What are Pull ups? (A bodybuilding guide to building a bigger back)

What are pull ups

What are pull-ups?

Pull-ups are one of the original strength and muscle building exercises. They target the muscles in the back as well as activate the bicep muscles. The beauty of pull-ups is their simplicity. You do not need any weights or special equipment, just a bar to pull on. 

Many people struggle with this exercise but the problem is usually related to grip strength rather than upper body strength. In this article we will explore pull-ups, the muscles worked, how to perform them and how to get the best from them. 

Which muscles are targeted with pull-ups?

The main aim of the pull up is to increase strength and mass in the back. The primary movers are the Latissimus Dorsi, the Rhomboids and the trapezius. 

The posterior deltoids are also activated to a lesser extent but can still be considered a primary mover. This makes pull-ups a great exercise for the entire upper mid and upper back.

There are quite a few secondary movers with pull-ups. The biceps, forearms, pectorals and core muscles all assist with stabilisation and the pulling motion. 

Combined with the primary muscles engaged, this is a lot of muscle activation in one compound movement which is why it is so popular with advanced trainers. 

How do I perform a pull-up?

Most of you will have seen pull-ups being performed in the gym but may not have taken much notice of the grip used. It is easy to get mixed up between a pull-up and a chin-up. 

Chin-ups will use an underhand, close grip which places a lot more emphasis on the biceps and isolates the lats, a pull up is performed with a wider, overhand grip which allows it to engage the traps and rhomboids to assist the lats with the movement. 

Both are great exercises and both have their benefits but for overall back development, the focus should be placed on the pull-up.

How to do pull ups

  1. Find a bar that is just above your standing reach. Most twin cable stations, dip stations or squat racks will have pull up bars attached to the top of them in your gym. 
  2. Jump or use a step so that you can grip the bar. Use an overhand grip wider than your shoulders. 
  3. Cross your legs and keep a straight back. Pull yourself upwards until your chin is over the bar.
  4. Make sure that you can feel the connection with the muscles in your back,
  5. When you get to the top, lower yourself in a controlled motion. 
  6. Don't allow your arms to straighten and elbows to lockout. Keep the tension by keeping your arms slightly bent at the bottom of the motion and pull yourself straight back up.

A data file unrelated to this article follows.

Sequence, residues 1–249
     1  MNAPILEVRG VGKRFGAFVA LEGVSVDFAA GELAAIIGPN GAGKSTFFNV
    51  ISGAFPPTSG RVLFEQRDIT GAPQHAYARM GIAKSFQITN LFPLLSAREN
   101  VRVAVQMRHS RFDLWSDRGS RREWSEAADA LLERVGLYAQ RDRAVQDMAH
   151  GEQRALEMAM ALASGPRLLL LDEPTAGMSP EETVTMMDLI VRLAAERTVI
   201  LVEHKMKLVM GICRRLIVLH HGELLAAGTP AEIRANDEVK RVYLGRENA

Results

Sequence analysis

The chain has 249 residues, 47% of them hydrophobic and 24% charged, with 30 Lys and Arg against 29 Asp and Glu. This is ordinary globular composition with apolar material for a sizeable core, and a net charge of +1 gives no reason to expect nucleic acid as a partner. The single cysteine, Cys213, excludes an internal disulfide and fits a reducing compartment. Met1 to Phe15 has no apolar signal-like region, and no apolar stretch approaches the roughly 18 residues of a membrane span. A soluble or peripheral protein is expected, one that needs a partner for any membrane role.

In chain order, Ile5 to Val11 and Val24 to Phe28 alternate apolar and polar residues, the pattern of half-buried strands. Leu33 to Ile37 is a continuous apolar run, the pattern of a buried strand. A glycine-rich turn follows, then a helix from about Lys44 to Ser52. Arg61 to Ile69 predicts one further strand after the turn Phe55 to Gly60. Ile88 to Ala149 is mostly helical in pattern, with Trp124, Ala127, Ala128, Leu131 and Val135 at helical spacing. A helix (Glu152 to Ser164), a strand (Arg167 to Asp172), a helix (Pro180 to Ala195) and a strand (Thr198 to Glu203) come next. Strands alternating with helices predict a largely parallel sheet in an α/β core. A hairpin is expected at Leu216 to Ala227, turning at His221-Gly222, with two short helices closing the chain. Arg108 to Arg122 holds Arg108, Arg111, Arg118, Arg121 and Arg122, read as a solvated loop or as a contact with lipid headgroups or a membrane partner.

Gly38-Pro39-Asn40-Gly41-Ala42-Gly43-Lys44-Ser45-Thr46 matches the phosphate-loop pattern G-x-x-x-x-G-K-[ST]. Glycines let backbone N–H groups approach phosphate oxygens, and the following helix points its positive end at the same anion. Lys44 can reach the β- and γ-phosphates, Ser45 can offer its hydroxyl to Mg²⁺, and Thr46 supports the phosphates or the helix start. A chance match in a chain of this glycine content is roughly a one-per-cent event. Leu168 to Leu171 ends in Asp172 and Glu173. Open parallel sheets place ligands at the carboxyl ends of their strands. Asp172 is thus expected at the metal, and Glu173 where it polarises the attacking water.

7. Repeat for the required number of reps and sets. 
Do not start to swing yourself backwards and forwards whilst doing this exercise, Stick to a straight up and down motion with a rigid body. If you find it too easy, you can add resistance by wearing a weighted belt or putting a barbell plate between your legs. 

Alternatives to a standard pull up.

Many gyms now feature an assisted pull up machine. These are great if you are a beginner or are just starting to add pull-ups to your routine. They allow you to use an adjustable counterweight so that you can work on technique and grip strength. 

Assisted pull up machines are also a great way to warm the back up for a deadlift or row session. 
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How to use an assisted pull up machine

Assisted pull up machines are simple to use. Simply select your counterweight from the weight stack, fold down the knee pad and climb on. 

From this point, grab the pull up bar and perform the motion as you would for a traditional pull-up. 

Some assisted machines will have footplates instead of knee pads but they all do exactly the same thing and work the same muscles. 

These machines are also good for chin-ups and assisted dips. 

Alternative back exercises.

Lat pull-downs

Bent over rows

Row machine

Take away

We hope that you have found this article informative and that you now know the answer to the original question - what are pull ups?

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